Birds that once feasted on misfortune are collapsing — part of a broader decline in vultures that illustrates the far-reaching effects of human interventions. nytimes.com|By MARC SANTORA

Sometimes I feel like the guy in the old cartoon, who is holding up a sign that says, The end is near!

Birds that once feasted on misfortune are collapsing — part of a broader decline in vultures that illustrates the far-reaching effects of human interventions.
nytimes.com|By MARC SANTORA

1 thought on “Birds that once feasted on misfortune are collapsing — part of a broader decline in vultures that illustrates the far-reaching effects of human interventions. nytimes.com|By MARC SANTORA

  1. It is tempting to feel an aversion to vultures as yucky carrion feeders until I pause to imagine what the world would be like without them. Critters like vultures and their comrades in the insect and microbe realms are a community of death-eaters keeping the world spic-and-span for we species who would rather not dine on carrion, unless, of course, we have killed critters ourselves.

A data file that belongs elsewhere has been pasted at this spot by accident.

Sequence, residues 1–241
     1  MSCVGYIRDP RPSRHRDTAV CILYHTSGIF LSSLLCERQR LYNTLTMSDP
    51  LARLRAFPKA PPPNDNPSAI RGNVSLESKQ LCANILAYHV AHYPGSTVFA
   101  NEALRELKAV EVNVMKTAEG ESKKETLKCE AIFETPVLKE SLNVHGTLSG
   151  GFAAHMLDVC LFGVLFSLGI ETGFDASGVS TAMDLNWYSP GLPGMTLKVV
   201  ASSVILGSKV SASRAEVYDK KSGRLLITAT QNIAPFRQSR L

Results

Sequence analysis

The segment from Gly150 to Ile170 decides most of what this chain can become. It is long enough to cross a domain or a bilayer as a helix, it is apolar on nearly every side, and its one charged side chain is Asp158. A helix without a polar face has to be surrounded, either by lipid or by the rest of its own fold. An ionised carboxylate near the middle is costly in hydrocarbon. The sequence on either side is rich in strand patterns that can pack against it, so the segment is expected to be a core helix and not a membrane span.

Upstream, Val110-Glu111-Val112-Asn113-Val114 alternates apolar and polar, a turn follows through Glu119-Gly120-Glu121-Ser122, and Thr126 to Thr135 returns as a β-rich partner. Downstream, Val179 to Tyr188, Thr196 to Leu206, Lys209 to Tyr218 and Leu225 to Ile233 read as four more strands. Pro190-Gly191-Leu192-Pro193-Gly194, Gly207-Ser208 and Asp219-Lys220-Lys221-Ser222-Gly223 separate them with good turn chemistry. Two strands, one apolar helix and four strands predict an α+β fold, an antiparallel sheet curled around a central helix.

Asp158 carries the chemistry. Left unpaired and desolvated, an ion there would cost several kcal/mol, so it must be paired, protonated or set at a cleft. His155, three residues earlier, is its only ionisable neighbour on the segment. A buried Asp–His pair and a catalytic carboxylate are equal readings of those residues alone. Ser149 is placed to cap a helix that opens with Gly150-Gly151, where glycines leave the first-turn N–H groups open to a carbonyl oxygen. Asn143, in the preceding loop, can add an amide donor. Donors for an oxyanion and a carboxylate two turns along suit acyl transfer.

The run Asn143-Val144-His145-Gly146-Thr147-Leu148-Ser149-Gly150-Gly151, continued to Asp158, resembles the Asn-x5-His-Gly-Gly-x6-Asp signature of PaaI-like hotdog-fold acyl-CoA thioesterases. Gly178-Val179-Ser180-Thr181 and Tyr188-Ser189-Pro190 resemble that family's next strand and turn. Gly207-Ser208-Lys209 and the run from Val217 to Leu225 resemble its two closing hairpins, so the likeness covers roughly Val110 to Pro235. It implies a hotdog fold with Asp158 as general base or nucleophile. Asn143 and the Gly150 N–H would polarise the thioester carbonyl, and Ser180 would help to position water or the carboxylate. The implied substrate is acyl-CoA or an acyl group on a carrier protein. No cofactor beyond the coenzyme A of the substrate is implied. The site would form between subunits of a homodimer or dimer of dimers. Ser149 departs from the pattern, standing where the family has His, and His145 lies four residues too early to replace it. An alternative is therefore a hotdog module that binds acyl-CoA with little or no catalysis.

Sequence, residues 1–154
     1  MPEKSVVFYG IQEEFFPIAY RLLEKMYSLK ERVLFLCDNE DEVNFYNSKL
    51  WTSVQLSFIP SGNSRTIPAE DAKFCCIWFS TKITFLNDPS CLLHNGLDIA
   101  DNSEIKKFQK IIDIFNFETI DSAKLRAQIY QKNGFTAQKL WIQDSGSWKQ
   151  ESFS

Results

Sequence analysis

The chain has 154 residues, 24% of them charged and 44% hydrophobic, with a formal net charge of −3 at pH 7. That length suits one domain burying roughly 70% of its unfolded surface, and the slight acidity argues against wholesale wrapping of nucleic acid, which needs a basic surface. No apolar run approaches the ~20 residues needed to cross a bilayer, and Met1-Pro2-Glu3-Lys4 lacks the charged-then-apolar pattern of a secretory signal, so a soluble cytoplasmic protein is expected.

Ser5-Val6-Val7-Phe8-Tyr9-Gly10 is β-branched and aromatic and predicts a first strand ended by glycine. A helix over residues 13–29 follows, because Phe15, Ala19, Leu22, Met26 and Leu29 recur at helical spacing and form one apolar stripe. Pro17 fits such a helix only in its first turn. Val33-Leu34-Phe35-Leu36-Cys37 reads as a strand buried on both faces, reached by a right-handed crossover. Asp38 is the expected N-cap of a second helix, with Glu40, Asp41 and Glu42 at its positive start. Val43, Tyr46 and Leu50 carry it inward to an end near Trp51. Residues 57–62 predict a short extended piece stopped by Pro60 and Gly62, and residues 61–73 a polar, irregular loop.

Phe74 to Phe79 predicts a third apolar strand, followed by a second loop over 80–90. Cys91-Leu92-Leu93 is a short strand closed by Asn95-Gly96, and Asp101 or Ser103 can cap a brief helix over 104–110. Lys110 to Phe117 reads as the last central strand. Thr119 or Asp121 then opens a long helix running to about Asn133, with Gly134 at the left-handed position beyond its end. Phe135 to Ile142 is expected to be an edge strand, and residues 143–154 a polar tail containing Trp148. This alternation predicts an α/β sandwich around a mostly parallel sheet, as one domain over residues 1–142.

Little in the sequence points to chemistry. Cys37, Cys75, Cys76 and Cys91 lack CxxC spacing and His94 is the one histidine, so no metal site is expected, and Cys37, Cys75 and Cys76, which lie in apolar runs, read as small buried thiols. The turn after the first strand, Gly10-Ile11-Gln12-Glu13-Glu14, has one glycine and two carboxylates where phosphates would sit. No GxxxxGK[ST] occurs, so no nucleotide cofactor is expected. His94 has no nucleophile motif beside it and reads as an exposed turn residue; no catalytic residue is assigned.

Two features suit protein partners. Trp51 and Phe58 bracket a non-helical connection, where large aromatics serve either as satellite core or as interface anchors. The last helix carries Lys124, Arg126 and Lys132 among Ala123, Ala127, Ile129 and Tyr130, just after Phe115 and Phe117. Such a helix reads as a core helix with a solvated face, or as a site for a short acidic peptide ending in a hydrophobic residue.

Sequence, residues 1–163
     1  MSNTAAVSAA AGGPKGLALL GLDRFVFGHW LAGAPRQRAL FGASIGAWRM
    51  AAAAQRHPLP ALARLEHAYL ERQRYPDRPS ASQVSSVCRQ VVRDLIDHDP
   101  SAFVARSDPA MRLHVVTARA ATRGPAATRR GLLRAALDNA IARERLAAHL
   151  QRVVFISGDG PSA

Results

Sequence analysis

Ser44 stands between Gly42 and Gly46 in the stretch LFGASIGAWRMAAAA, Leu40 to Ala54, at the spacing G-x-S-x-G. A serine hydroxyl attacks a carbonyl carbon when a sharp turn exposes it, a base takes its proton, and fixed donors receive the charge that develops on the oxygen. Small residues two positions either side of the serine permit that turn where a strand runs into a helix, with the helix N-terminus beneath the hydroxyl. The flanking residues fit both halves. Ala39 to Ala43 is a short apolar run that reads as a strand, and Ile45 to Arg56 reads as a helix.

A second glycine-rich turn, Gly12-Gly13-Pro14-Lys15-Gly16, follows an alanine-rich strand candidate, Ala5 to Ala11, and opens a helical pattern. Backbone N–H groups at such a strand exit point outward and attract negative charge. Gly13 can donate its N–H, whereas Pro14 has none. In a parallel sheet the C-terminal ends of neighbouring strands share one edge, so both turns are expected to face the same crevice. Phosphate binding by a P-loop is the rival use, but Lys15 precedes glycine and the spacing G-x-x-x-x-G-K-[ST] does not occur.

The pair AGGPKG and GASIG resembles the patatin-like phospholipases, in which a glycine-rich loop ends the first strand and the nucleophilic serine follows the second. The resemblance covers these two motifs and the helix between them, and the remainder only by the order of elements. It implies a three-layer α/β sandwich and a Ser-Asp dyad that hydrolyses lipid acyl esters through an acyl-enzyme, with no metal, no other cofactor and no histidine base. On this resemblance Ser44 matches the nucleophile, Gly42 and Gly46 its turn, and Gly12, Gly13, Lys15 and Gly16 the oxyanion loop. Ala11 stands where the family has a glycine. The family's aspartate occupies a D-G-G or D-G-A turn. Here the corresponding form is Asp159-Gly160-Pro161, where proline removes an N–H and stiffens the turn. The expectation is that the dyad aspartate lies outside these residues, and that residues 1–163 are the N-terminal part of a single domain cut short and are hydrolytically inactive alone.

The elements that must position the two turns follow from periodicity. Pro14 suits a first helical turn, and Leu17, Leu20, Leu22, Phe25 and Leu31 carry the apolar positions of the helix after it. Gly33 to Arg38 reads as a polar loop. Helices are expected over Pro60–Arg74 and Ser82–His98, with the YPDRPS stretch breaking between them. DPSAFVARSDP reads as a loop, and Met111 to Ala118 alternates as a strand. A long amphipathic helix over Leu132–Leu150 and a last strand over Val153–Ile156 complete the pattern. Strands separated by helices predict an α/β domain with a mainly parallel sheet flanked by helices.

We prefer to avoid contracting diseases from random carrion, not have to smell/step-in/live with dead bodies all over the place. Thanks to vultures and other death-eaters, this is possible, for now. Long live the vultures! Or we are in deep trouble.

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